The differences in perceptions between undergraduate and graduate students is worth examining further. This phenomenon indicates the learning needs of the student groups vary and instructors should adjust their teaching strategies accordingly as an alternative to adjusting class sizes.
As the literature demonstrates, there are several factors to consider when determining guidelines for class sizes in online, for-credit courses. Doing so requires an analysis and consideration of a variety of perspectives and variables, many which are unique to an institution’s program. Online instruction and learning size is complex and significant. There is no formula; no optimal class size that will guarantee meaningful learning.
- Artz, J. (2011). Online courses and optimal class size: A complex formula . ERIC.
- Bettinger, E., Doss, C., Loeb, S. & Taylor, S. Virtually large: The effects of class size in online college courses . (January 3, 2015). In the Program of the Allied Social Sciences Program, American Economic Association. Boston, MA
- Bettinger, E., Doss, C., Loeb, S. & Taylor, S. Panel Paper: Virtually large: The effects of class size in online college courses . (November, 2014). In The 2014 APPAM Fall Research Conference. Albuquerque, NM
- Bettinger, E., Doss, C., Loeb, S. & Taylor, S. The effects of class size in online college courses: Experimental evidence. (September, 2014). CESifo Area Conference on the Economics of Education 2014. Munich, Germany.
- Burruss, N.M., Billings, D., Browning, V., Skiba, D. & Connors, H.R. (2009). Class size as related to the use of technology, educational practices, and outcomes in web-based nursing courses. Journal of Professional Nursing , Volume 25(1), pp. 33 – 41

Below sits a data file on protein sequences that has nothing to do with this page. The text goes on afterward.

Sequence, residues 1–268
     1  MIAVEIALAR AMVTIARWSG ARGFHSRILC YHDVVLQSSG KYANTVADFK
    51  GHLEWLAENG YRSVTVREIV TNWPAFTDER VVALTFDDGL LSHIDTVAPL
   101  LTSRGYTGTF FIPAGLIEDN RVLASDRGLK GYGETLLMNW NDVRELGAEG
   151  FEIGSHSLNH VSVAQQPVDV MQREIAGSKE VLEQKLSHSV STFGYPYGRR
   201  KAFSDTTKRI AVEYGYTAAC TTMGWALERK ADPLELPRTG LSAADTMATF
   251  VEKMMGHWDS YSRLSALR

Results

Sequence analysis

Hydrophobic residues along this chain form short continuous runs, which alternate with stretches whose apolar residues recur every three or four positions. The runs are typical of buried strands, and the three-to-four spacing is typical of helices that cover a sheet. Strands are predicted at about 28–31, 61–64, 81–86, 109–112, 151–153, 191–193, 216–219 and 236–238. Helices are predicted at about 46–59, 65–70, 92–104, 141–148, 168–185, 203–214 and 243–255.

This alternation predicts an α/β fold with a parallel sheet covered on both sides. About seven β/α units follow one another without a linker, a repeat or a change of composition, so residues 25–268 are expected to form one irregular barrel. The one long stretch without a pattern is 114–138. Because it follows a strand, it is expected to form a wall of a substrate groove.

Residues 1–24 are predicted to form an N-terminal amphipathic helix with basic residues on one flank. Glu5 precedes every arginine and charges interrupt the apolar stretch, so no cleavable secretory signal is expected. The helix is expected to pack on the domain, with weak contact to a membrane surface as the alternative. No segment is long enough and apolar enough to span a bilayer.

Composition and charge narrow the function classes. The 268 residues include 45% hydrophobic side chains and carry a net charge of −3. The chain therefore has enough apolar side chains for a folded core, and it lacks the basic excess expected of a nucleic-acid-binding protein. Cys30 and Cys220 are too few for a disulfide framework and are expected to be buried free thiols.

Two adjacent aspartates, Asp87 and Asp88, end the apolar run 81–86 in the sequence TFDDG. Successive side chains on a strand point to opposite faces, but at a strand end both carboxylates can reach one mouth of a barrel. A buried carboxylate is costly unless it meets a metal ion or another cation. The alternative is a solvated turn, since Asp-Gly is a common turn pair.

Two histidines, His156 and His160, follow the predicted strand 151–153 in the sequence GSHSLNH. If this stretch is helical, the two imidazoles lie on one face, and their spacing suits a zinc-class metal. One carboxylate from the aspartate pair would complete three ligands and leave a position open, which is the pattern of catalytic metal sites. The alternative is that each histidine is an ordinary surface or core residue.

- DeVry Education Group and Stanford University present joint research presentation: Boiling big data into action . (2014, November 18). New York Times.
- Kokkelenberg, E. C., Dillon, M., & Christy, S. (2005). The effects of class sizes on student achievement in higher education. In Cornell University working paper.
- Orellana, A. (2006). Class size and interaction in online courses . The Quarterly Review of Distance Education, Volume 7(3), pp. 229–248
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7 thoughts on “Does Class Size Matter in Online Courses? Three Perspectives: The Economist, Instructor & Student”
Have you seen anything on class size for online courses? I’ve wondered about whether there is a *minimum* class size for liquidity around forums and such. If you’re taking a MOOC with 100 people it seems empty compared to one with 1000 or 10K. Seen any research on that?